evidenceIn some agreements, most specifically lease agreement (as in a case in point) terms are usually included which state that specific terms shall be negotiated and agreed to between the parties (at a later stage). The question that the Supreme Court Appeal was faced with was whether the specific performance of such a term (to agree) is possible and if so, whether tacit terms flowing from there are similarly enforceable?


Shepherd Real Estate Investments (Pty) Ltd v Roux Le Roux Motors CC (1318/2018) [2019] ZASCA 178


The facts of the case and issues are briefly as follows:


The agreement was concluded on 7 November 2007 between Shepherd Industrial Commercial Real Estate CC (Shepherd Industrial) and the respondent, Roux Le Roux Motors CC, pursuant to which, the former let to the latter, a commercial property situated at the corner of Jan van Riebeek Drive and Wamkelekile Street, Paarl (the property) for the purpose of conducting the business of a petrol station. The commencement date of the lease was 1 December 2007. It was to endure for an initial term of five years, with a renewal period of ‘5 plus 5 years’. The rental at commencement was R 18 000 per month, escalating at 8 per cent per annum over the initial term.


Clause 6 of the lease agreement, headed ‘Renewal Period’, provided:


‘The Tenant shall have the option to renew this Lease of the Premises for a further period as set out in the Terms of Lease subject to the following:


6.1       The strict adherence & compliance to all terms and conditions of this agreement by the Tenant and all moneys due being paid by him;…

6.3       The Tenant requesting such renewal in writing from the Landlord no later than 6 (Six) months prior to the expiry of the lease period. The Landlord will remind the Tenant to exercise the option 8 (Eight) months prior to the expiry of the lease period.


Such first renewal period shall be on terms and conditions in compliance with this agreement and the rental payable by the Tenant to the Landlord during the option period shall be increased on each anniversary of the commencement date by 8% of the monthly rental, which was payable during the year proceeding the option period.’


The respondent validly exercised the option in terms of clause 6 during the initial term and the agreement came to be renewed for ‘the first renewal period’, namely a second five-year term. The second five-year term was due to end on 30 November 2017. Prior thereto, on 11 October 2017, Shepherd Industrial ceded its rights and delegated its obligations under the agreement to the appellant, Shepherd Real Estate Investments (Pty) Ltd.


When the respondent attempted to exercise the second option to renew for a third five-year term, the appellant adopted the stance that it was amenable to the proposed renewal at an agreed rental of R150 000 per month, plus VAT. In response, the respondent contended that a fair rental was an 8 per cent per annum escalation on the then prevailing rental. That, however, was not acceptable to the appellant. Nor was the suggestion that the dispute be referred to arbitration in terms of clause 34.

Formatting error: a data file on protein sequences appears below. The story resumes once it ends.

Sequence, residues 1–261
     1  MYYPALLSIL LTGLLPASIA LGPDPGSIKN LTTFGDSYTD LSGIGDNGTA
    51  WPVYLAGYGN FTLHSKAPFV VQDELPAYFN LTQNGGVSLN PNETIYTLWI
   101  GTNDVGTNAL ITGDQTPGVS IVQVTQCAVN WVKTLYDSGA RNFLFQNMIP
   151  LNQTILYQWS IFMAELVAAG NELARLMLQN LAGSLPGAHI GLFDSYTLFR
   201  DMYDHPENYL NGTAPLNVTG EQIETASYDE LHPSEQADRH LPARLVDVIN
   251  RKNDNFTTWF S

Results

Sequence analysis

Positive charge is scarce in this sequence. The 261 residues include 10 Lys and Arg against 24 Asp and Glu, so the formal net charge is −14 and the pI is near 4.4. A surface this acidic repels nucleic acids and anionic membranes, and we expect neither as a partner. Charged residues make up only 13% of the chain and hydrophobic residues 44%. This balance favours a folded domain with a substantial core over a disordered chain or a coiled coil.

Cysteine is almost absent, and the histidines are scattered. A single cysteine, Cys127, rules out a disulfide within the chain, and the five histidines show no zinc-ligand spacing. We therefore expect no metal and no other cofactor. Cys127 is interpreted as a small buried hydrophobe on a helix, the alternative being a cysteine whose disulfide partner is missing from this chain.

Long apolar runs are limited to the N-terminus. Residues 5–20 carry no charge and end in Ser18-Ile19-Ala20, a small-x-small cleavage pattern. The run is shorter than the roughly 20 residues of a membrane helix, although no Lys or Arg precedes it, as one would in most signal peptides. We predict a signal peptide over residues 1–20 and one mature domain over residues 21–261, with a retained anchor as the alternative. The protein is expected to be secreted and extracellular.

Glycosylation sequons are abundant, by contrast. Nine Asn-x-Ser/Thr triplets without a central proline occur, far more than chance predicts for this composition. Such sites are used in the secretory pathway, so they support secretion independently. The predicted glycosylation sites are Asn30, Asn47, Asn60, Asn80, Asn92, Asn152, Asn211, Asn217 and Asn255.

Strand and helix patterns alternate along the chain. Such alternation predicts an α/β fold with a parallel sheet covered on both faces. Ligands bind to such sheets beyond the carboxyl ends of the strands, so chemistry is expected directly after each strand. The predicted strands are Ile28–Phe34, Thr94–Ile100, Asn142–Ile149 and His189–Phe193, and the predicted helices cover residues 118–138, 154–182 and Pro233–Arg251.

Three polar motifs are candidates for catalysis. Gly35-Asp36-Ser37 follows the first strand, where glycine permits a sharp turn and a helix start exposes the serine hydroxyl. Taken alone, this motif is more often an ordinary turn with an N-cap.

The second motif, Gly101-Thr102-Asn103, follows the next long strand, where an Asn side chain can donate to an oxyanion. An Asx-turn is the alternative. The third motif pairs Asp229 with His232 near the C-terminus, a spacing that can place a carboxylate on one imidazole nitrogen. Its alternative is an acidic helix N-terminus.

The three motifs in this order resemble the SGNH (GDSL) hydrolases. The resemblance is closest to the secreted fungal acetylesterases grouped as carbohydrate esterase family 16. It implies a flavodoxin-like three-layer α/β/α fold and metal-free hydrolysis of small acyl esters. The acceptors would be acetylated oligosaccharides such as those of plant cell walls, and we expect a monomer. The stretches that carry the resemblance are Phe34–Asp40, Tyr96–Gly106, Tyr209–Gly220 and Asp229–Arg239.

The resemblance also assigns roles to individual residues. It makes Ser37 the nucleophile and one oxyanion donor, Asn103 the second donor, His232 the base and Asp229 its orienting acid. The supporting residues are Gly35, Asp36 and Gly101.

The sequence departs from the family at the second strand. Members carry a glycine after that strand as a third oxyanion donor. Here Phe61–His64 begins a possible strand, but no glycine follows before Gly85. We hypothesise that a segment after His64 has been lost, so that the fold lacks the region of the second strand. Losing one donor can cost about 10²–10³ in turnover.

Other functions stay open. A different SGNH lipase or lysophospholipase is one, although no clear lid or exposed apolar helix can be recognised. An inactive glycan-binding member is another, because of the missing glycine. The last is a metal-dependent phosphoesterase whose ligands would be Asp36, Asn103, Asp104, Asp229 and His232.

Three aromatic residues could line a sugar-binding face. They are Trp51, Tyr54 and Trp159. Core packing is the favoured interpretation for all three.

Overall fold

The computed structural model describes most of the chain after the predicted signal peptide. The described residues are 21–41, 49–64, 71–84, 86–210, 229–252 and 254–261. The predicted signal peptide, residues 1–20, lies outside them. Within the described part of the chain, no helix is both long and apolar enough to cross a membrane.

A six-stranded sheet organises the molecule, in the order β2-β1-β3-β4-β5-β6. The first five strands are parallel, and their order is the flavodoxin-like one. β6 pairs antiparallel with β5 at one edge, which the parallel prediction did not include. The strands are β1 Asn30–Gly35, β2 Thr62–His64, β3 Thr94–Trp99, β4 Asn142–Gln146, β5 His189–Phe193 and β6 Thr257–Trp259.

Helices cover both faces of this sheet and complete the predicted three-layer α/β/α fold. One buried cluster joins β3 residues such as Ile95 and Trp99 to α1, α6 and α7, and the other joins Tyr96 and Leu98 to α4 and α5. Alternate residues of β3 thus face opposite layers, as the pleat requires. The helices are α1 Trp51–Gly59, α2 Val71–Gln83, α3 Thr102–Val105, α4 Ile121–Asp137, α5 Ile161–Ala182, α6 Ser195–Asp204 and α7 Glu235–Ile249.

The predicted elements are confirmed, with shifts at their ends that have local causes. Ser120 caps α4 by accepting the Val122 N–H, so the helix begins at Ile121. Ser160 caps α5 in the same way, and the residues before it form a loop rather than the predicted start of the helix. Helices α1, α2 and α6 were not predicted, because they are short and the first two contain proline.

Agreement to Agree


In considering the position the court considered Walford v Miles,[1] the House of Lords affirmed the correctness of Courtney v Fairbairn. Lord Ackner took the view that:


‘The reason why an agreement to negotiate, like an agreement to agree, is unenforceable is simply because it lacks the necessary certainty.’


Moreover, according to the Court, an arbitrator would have been ill-equipped to fill in the blanks or resolve the questions that the parties could not. An arbitrator could not complete or enforce the agreement as it were. Be that as it may, the arbitration clause did not survive the agreement. Thus, once the agreement terminated by effluxion of time, the respondent could no longer invoke the arbitration clause.

The Tacit Term


So, in regards to the tacit term, as it was put it in Robin v Guarantee Life Assurance Ltd:[2]


‘A tacit term cannot be imported into a contract in respect of any matter to which the parties have applied their minds and for which they have made express provision in the agreement.


A term is sought to be implied [a tacit term in the terminology of Alfred McAlpine][3] in an agreement for the very reason that the parties failed to agree expressly thereon. Where the parties have expressly agreed upon a term and given expression to that agreement in the written contract in unambiguous terms, no reference can be had to surrounding circumstances in order to subvert the meaning to be derived from a consideration of the language of the agreement only…”’


The tacit term therefore cannot alter the agreement, it must align thereto.




A term to agree cannot be enforced by a court in an order for specific performance, and when an agreement has lapsed, dispute resolution clauses do not survive termination. Tacit terms are not included in agreements because of their inherent link to express terms and therefore, need not be included. Tacit terms are not able to alter the agreement. Explicit agreement and recording same accordingly is key in avoiding lengthy and costly court battles, contact an expert at SchoemanLaw for assistance today.

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